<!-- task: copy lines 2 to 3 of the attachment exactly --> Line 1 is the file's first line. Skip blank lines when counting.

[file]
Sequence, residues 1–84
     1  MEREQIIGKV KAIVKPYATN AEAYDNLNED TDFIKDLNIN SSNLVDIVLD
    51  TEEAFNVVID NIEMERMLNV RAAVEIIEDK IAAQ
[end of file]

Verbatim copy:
     1  MEREQIIGKV KAIVKPYATN AEAYDNLNED TDFIKDLNIN SSNLVDIVLD
    51  TEEAFNVVID NIEMERMLNV RAAVEIIEDK IAAQ